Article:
The New Orleans Pelicans are 7-17. Ten games under .500. My official demarcation line for fully initiating the tank for the remainder of the season. However, as they demonstrated last night, it is possible to lose and still make the product enjoyable while simultaneously injecting some much needed hope into the direction of the franchise. Tanking need not solely be seeking out losses for the sake of ping pong balls in the May NBA Lottery. The Pelicans can do even more.
Cheick Diallo looked good last night, especially in the first half. He was rotating properly on defense off the weak side, converting an array of nifty one handed floaters with impressive touch, and flying up and down the court. It is possible for an overly optimistic fan (like myself) to project Diallo as the ideal front court partner with Anthony Davis in October 2018 if Cheick can pack on the pounds necessary to stand up to the beating in the NBA.
Let me be clear on a couple things. Putting Cheick Diallo in the D-League to get minutes was a good decision by this front office. At the time New Orleans should have been hunting wins, and rookies, especially those as generally raw as Diallo, are highly unlikely to contribute to wins. Sending Diallo to Austin gave him valuable experience. Diallo has already logged 210 minutes in the D-League, he played just 202 at Kansas as a freshman.
Now, in my opinion, those calculations change. The Pelicans sit 10 games under .500. It is extremely unlikely they’re turning this thing around. Getting young guys minutes at the NBA level, like Cheick Diallo, should be the goal. It fills both short term (collecting losses and thus ping pong balls) and long term (“iron sharpens iron”) goals for the franchise. Yes, ping pong balls should be a goal for this team on December 11th because the alternative, playoffs, is hilariously remote.
The Pelicans need to legitimately consider tanking for the next 58 games. The 2017 draft class is that good. The Pelicans playoff chances are that minuscule. Tanking can take many forms. Playing young players like Cheick Diallo and Buddy Hield regular (20-24) minutes every game. Limiting Anthony Davis to a more reasonable 34-36 minutes a night to protect his health.
And yes, making some long term trades between now and the trade deadline. It is doubtful Tyreke Evans is fetching an asset, but if he can even collect a second round pick without salary commitments beyond this season, it should be explored. Moving Alexis Ajinca (to open up both cap space in the future and minutes now for Cheick Diallo) in even an asset neutral trade needs to be thoroughly discussed. Utilize the 15th roster spot on someone other than a 30 year old Reggie Williams to try to catch lightning in a bottle on a cheap contract.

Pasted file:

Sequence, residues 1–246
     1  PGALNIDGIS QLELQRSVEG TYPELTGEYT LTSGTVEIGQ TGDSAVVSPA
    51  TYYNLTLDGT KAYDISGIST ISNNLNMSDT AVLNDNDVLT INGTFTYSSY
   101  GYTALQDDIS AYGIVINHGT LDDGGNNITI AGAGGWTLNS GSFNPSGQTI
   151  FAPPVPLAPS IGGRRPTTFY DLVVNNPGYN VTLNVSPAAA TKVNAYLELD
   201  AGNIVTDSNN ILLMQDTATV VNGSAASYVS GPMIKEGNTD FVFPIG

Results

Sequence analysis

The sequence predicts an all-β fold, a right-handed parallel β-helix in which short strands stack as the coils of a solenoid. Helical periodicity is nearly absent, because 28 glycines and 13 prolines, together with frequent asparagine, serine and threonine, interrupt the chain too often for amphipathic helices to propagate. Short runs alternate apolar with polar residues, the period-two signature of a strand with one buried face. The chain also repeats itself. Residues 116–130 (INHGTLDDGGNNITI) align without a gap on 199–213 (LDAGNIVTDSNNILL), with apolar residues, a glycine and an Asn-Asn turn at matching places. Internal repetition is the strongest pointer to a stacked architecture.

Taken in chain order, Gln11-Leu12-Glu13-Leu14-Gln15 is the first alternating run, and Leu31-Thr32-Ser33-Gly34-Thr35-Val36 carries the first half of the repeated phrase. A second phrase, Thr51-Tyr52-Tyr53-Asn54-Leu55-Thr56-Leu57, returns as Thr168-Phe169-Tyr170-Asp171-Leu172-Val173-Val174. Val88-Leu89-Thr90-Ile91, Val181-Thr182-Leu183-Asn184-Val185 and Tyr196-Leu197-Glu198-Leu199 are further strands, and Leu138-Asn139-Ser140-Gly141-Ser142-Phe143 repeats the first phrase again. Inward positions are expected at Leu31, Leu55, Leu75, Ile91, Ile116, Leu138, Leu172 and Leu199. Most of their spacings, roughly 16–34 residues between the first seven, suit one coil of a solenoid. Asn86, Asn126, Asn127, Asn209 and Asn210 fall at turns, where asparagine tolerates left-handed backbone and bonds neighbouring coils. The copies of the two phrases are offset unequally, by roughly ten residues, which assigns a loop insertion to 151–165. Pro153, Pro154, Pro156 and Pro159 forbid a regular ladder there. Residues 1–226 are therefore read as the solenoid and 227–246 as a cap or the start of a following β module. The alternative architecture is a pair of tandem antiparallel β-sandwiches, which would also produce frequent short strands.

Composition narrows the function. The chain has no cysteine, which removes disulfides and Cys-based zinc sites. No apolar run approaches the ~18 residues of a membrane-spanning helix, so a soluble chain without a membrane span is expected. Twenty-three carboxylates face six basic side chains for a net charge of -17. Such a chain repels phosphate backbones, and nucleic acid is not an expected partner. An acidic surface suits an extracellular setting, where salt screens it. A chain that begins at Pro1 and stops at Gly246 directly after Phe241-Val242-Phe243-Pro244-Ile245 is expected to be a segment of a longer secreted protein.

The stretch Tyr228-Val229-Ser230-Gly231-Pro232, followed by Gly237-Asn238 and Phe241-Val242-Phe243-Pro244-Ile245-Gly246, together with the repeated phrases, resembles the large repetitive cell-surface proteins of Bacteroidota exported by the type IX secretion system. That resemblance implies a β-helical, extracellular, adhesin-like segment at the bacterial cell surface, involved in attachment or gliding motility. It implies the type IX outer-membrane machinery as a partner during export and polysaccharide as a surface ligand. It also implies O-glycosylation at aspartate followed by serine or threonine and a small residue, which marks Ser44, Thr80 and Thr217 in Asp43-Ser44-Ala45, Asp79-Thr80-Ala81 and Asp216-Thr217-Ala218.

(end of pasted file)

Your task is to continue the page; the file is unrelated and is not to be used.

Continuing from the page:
The most difficult decision, and one that requires its own post, is seriously considering trading away Jrue Holiday now for future assets. Mason Ginsberg mentioned trading Holiday on Friday morning and it deserves a complete discussion. Does re-signing Jrue Holiday strap the Pelicans too much on the salary cap considering their current future commitments?
Holiday is the Pelicans ticket to real assets on the trade market. Trading him for an asset (future first round pick?) gives New Orleans another asset in the future and more losses in the present. Again, both valuable and in line with what I would recommend the franchise do at this point.
Winning is valuable if the Pelicans make the playoffs and find a way to use that relevance to sign free agent talent. The playoffs are nearly off the table and difference making free agents coming to the Crescent City is extremely unlikely.
It’s time to take a new approach. It’s time to tank. Not just lose for the sake of losing. Lose and accomplish some goals along the way. Get Buddy Hield and Cheick Diallo consistent NBA minutes. Cycle through the 15th roster spot until the Pelicans get a hit. Keep Anthony Davis healthy by keeping his minutes down. Trade away rotation players now to gather assets for the future and losses in the present for ping pong balls.
Tank with a purpose. #LoseTonight so you might win next season and in the future, Pelicans.